Figuring out what works is vitally important to the country, say U.S. educators. Each year, hundreds of thousands of U.S. students get their only exposure to science in an intro class--and most leave without understanding how science works or with any desire to take further courses.
Ask a cross-section of scientists how they got into cancer research, and you'll hear about a dizzying variety of routes from fields as diverse as biology, pharmacology, mathematics, and medicine. And with certain attributes — an inquiring mind, self-discipline, and a dash of ambition — it seems that there's no limit to what can be achieved.
Like it or not, each of us has only 168 hours a week to spend in whatever way we see fit, and most of us apply at least one-fourth of those hours—about half of our waking hours—engaged in some type of gainful employment.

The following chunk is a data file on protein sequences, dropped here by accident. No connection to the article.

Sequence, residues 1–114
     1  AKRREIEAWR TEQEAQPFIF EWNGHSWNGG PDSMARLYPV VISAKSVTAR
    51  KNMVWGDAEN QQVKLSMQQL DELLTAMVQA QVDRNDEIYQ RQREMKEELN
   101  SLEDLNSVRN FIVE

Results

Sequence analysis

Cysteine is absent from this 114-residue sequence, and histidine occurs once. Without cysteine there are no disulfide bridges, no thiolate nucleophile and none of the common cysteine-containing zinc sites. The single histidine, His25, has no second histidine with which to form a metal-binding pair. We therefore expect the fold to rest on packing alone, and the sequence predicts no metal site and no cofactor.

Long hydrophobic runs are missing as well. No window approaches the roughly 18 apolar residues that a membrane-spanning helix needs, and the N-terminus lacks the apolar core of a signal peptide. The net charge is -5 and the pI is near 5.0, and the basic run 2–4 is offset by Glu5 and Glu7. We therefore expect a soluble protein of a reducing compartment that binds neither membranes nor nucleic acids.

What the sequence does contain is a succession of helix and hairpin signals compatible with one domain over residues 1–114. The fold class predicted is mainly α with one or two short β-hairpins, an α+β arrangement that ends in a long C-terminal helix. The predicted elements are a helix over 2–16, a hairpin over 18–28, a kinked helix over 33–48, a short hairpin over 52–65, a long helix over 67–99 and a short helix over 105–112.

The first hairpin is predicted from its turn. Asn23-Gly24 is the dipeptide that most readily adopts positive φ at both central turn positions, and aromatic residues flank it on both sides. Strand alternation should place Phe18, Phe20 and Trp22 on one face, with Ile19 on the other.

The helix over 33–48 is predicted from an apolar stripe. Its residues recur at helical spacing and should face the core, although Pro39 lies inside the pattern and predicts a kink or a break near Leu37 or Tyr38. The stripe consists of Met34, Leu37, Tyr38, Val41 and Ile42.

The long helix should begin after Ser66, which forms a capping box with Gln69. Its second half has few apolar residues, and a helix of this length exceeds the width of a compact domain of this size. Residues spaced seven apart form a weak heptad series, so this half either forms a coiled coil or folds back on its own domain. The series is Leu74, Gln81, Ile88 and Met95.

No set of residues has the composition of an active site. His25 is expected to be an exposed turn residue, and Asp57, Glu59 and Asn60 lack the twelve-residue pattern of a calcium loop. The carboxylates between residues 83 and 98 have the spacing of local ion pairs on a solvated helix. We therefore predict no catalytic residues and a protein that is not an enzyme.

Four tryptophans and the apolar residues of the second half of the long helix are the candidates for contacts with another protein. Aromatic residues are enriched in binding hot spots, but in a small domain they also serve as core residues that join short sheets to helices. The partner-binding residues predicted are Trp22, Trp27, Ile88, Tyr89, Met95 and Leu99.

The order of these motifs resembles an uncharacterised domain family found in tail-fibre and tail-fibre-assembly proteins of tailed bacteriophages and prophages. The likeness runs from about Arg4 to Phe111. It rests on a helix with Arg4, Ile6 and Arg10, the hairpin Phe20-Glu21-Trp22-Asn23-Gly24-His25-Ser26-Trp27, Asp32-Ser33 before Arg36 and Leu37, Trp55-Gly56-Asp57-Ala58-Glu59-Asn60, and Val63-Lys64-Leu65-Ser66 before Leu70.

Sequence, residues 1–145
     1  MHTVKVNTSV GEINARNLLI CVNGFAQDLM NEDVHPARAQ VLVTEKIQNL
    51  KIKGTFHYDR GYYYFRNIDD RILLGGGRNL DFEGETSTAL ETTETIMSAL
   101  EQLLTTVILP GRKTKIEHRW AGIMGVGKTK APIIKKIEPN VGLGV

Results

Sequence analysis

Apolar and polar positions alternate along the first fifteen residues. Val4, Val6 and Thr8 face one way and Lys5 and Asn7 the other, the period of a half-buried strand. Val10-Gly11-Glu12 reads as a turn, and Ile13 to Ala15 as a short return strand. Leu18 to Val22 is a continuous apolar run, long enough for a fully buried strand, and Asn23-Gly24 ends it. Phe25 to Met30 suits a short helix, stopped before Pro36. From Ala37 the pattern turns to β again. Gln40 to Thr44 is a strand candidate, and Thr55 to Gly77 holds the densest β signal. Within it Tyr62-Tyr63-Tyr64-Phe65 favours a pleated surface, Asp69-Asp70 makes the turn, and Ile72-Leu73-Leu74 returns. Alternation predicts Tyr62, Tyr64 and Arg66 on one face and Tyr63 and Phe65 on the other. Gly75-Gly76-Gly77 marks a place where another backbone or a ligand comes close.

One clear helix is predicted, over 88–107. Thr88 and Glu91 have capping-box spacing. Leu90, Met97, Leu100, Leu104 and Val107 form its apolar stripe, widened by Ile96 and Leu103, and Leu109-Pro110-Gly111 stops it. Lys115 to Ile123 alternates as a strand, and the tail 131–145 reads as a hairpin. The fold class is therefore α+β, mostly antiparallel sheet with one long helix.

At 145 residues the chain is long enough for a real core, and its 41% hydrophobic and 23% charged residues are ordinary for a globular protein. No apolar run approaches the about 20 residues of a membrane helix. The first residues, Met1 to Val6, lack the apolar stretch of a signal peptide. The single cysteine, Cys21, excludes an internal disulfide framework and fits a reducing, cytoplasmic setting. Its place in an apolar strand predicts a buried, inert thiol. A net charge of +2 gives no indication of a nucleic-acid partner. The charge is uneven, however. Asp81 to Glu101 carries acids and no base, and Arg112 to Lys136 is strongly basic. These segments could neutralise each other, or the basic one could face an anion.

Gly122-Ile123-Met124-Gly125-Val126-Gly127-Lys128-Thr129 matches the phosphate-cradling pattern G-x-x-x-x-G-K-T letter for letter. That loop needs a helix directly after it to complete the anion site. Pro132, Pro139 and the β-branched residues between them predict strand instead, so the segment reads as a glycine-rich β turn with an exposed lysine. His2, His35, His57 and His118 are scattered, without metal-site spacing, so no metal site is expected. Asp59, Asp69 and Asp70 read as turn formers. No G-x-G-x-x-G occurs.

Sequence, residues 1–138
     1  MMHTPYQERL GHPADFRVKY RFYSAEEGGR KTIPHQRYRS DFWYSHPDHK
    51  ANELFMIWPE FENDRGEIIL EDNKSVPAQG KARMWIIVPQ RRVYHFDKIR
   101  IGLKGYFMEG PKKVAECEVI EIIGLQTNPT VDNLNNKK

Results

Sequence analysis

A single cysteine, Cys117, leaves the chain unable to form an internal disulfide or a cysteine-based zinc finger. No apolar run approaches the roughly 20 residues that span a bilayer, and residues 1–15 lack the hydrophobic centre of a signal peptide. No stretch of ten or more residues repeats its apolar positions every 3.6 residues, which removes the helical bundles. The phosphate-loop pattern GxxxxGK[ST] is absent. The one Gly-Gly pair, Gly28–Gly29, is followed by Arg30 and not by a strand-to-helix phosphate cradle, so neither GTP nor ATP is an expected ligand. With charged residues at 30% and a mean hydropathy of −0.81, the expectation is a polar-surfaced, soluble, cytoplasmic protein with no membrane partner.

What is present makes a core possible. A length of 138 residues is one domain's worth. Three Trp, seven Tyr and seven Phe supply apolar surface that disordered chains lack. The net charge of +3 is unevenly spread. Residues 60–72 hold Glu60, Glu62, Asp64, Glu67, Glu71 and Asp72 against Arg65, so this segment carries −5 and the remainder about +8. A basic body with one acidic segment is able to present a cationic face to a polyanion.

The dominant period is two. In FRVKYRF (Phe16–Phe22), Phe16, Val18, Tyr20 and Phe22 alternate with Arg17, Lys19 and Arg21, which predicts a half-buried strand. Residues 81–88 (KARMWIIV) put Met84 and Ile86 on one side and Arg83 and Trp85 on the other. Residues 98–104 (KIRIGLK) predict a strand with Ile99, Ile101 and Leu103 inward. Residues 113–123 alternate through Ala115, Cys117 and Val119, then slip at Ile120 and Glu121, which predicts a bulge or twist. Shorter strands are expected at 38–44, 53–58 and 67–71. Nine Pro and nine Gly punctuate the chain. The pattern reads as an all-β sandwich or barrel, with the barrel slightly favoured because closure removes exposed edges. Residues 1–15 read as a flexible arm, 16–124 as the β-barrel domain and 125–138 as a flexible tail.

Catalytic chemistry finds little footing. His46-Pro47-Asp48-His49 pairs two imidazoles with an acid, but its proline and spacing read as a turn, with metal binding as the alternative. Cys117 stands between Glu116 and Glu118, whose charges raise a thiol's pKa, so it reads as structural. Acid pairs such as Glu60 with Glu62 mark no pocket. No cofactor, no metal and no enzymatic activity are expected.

The number of women embarking on science careers has been increasing steadily during the past several decades. Although women scientists continue to be underrepresented at the faculty level, many women have established rewarding and successful careers in science—thanks in part to having had role models and mentors whose paths they could follow.